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Many organizations have a COO, or Chief Operating Officer, on their leadership team. Normally, the COO reports directly to the CEO, or chief executive officer. In some organizations, the COO is considered the second in the group’s chain of command. The COO’s title changes from company to company. For example, they may also be called the vice president of operations, chief operations officer, or operations director. 

The fact that there are many different names for the position of COO reflects the diversity in the tasks performed. There is no single widely agreed upon job description, which makes the position a difficult one to study.


What Does a COO Do?

Most COOs are responsible for managing a business’ operational and administrative functions. The COO follows a company’s business model and implements business plans. They are very much focused on keeping things running smoothly on a day-to-day basis, while the CEO is more focused on long-term goals. One way to think about it is that the CEO creates plans, but the COO is the one to put them into action. 

Although every organization’s approach varies, the COO normally is the individual responsible for managing a company’s internal affairs. The CEO, on the other hand, is responsible for public communications as the face of the company.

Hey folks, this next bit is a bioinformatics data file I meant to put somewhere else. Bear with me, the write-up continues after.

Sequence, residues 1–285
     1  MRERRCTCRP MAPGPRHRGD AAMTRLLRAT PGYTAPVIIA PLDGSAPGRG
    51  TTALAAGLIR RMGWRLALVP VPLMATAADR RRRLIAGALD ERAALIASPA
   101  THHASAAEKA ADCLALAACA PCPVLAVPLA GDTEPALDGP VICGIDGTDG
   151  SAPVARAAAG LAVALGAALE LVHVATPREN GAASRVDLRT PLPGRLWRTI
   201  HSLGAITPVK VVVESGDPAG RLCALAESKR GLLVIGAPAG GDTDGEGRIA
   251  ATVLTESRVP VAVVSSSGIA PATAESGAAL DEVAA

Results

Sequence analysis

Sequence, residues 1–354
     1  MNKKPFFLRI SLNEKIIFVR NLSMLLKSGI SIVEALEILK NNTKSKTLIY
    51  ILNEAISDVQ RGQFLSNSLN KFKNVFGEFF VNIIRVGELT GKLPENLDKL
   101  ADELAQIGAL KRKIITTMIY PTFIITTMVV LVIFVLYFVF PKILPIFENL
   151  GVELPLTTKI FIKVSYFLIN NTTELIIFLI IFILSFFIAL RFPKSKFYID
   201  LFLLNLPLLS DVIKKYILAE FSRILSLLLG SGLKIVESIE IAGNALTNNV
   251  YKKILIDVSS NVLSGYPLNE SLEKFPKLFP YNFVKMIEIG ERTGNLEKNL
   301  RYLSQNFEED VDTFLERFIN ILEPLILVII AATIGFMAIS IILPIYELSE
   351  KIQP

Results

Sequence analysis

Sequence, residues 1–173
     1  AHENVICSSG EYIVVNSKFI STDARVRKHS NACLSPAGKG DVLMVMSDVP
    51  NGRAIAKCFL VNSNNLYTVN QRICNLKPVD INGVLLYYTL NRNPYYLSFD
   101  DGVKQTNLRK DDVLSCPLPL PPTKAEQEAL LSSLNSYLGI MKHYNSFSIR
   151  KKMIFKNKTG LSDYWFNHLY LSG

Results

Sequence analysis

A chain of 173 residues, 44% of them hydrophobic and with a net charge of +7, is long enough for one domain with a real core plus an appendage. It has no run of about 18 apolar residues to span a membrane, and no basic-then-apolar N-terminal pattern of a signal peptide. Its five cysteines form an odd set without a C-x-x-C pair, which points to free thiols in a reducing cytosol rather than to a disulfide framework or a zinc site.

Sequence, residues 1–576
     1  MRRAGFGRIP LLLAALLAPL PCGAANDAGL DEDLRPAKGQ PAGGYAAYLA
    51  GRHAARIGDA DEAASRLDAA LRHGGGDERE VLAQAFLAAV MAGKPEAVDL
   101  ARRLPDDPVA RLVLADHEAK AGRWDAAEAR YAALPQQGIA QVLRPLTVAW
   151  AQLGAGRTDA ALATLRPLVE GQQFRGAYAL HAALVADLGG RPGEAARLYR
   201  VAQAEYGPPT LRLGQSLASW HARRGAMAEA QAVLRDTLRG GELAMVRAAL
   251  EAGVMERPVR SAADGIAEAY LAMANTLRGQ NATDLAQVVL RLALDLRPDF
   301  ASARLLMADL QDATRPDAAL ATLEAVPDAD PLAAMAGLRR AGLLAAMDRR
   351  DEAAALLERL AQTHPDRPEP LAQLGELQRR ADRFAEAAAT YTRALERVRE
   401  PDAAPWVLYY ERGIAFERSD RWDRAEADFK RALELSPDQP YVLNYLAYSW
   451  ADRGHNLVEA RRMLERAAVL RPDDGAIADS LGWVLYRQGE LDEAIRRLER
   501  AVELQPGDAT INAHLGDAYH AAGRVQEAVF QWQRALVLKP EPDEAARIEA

Necessary Qualifications 

Most COOs bring a variety of skills to the table. Normally, the individual offers extensive experience in the organization’s field. Most of the time it takes someone at least 15 years to reach the position of COO. This period of time helps them grow their industry knowledge and sharpen the skills they’ll need to be a strong member of the c-suite. 

Most COOs hold a bachelor’s degree at the very minimum. However, many of them enter the role with an MBA, or Master’s in Business Administration, and other certifications. 


Whatever their education, COOs have to be resourceful, excellent problem solvers, and possess great leadership skills. The role of Chief Operating Officer is not standard from organization to organization, which sometimes makes the role difficult to pinpoint. People from a variety of backgrounds can become successful COOs. Sometimes a COO is responsible for all areas of operations, while other times they focus on a single important business need. What a COO does and the background required varies by organization.